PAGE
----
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 Post subject: first "nice" knife
PostPosted: Fri Nov 23, 2012 5:41 pm 

Joined: Fri Nov 23, 2012 5:31 pm
Posts: 8
hi everyone,

i just got a Hiromoto Santoku 190mm a couple of days ago and i just wanted some advice for maintaining it properly. so far i've been wiping it down after every use since the blade is not made of a stainless steel (?). i assume i should use my sharpening steel for honing the blade but i dont know if what im using is "good" for the blade. i have a $20 wushof sharpening steel thing, is that ok or should i get something fancier?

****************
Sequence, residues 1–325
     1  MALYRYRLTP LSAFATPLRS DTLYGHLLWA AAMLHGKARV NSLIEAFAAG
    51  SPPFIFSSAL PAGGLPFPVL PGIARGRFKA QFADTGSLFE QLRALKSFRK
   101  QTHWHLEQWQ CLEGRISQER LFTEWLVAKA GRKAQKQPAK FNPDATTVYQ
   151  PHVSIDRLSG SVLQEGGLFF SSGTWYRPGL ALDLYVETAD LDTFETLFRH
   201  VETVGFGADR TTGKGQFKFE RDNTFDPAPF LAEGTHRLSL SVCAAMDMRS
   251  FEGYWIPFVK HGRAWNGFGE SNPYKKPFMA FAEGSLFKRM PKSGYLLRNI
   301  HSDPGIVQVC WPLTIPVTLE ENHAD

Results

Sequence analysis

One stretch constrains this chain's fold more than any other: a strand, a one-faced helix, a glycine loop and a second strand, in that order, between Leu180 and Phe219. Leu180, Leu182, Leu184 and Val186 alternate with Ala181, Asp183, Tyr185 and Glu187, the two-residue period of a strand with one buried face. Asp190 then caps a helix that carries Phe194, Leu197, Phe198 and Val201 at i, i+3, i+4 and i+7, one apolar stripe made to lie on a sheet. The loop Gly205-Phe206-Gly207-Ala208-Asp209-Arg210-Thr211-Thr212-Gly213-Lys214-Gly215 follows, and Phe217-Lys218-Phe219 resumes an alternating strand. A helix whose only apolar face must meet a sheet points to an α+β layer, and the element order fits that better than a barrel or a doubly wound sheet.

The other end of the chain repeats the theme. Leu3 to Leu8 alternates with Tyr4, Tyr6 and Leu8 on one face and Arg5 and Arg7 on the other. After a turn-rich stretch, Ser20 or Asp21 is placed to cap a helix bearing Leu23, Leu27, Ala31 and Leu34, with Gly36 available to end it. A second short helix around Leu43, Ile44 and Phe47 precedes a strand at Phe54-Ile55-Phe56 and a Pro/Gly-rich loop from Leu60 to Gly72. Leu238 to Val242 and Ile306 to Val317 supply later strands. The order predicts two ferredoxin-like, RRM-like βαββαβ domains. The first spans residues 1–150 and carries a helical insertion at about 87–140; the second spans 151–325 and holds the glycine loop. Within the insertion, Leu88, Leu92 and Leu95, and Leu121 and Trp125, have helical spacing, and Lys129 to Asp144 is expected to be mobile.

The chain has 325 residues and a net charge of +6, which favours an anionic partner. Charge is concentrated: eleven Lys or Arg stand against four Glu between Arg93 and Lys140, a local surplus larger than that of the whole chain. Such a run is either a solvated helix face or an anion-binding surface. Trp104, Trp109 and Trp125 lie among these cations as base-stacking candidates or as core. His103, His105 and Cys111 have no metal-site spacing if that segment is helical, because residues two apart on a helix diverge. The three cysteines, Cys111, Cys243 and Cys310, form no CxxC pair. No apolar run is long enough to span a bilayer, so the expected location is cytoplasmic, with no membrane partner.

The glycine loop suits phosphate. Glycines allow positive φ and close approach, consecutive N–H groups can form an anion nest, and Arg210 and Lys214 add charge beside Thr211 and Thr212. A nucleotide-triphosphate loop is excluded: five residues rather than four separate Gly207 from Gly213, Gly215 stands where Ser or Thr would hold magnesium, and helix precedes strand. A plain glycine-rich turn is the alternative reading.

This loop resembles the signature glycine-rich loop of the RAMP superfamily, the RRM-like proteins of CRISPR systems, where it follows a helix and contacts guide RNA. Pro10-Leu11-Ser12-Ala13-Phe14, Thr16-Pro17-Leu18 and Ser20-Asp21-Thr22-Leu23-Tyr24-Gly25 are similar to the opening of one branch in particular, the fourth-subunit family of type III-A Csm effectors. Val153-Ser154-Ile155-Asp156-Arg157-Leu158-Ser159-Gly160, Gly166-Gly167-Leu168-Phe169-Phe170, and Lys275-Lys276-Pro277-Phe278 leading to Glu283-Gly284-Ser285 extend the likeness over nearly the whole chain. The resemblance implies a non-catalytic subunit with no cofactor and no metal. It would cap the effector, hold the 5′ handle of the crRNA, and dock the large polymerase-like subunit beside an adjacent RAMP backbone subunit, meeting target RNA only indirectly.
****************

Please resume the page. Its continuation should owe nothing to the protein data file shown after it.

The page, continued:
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 Post subject: Re: first "nice" knife
PostPosted: Fri Nov 23, 2012 8:01 pm 
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Joined: Thu Apr 19, 2012 8:34 pm
Posts: 1404
Hey, welcome to the forum, and entering the pursuit of the perfect edge. (It never ends BTW, get out now while you can!)

I would advise against using your Wusthof steel as it may not be the correct hardness to hone your Hiromoto's edge. A good cheap ceramic hone from Idahone would be a much better choice for maintaining. If you want to get into sharpening by hand then we have endless advice for you. Give us a budget and a goal and we'll work with you! :)



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Shaun Fernandez

With great sharpness comes great responsibility.
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 Post subject: Re: first "nice" knife